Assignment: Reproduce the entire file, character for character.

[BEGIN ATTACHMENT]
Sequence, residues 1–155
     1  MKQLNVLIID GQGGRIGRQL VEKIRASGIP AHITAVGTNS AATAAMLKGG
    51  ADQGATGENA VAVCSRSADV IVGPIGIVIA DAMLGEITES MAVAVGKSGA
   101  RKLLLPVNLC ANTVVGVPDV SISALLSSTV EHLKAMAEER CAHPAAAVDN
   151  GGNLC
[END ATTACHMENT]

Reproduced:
Sequence, residues 1–155
     1  MKQLNVLIID GQGGRIGRQL VEKIRASGIP AHITAVGTNS AATAAMLKGG
    51  ADQGATGENA VAVCSRSADV IVGPIGIVIA DAMLGEITES MAVAVGKSGA
   101  RKLLLPVNLC ANTVVGVPDV SISALLSSTV EHLKAMAEER CAHPAAAVDN
   151  GGNLC